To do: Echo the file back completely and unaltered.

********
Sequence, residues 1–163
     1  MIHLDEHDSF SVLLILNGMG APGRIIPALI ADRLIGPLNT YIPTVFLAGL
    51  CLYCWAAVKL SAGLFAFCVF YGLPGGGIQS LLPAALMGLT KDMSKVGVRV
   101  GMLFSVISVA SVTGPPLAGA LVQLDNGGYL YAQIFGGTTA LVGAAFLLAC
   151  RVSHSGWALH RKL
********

Sequence, residues 1–163
     1  MIHLDEHDSF SVLLILNGMG APGRIIPALI ADRLIGPLNT YIPTVFLAGL
    51  CLYCWAAVKL SAGLFAFCVF YGLPGGGIQS LLPAALMGLT KDMSKVGVRV
   101  GMLFSVISVA SVTGPPLAGA LVQLDNGGYL YAQIFGGTTA LVGAAFLLAC
   151  RVSHSGWALH RKL